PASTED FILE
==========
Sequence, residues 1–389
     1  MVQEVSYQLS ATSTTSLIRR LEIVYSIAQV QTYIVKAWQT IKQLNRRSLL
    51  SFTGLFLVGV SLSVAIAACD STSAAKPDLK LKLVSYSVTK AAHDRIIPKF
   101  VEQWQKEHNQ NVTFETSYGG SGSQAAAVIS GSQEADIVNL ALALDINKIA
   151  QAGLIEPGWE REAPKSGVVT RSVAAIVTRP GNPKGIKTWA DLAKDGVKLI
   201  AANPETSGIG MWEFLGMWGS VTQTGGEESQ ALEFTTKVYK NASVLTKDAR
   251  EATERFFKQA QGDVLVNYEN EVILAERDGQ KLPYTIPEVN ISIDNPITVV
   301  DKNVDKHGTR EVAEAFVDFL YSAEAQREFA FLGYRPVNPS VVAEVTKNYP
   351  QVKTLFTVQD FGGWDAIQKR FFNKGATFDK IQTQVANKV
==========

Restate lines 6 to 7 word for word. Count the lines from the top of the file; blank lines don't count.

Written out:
   201  AANPETSGIG MWEFLGMWGS VTQTGGEESQ ALEFTTKVYK NASVLTKDAR
   251  EATERFFKQA QGDVLVNYEN EVILAERDGQ KLPYTIPEVN ISIDNPITVV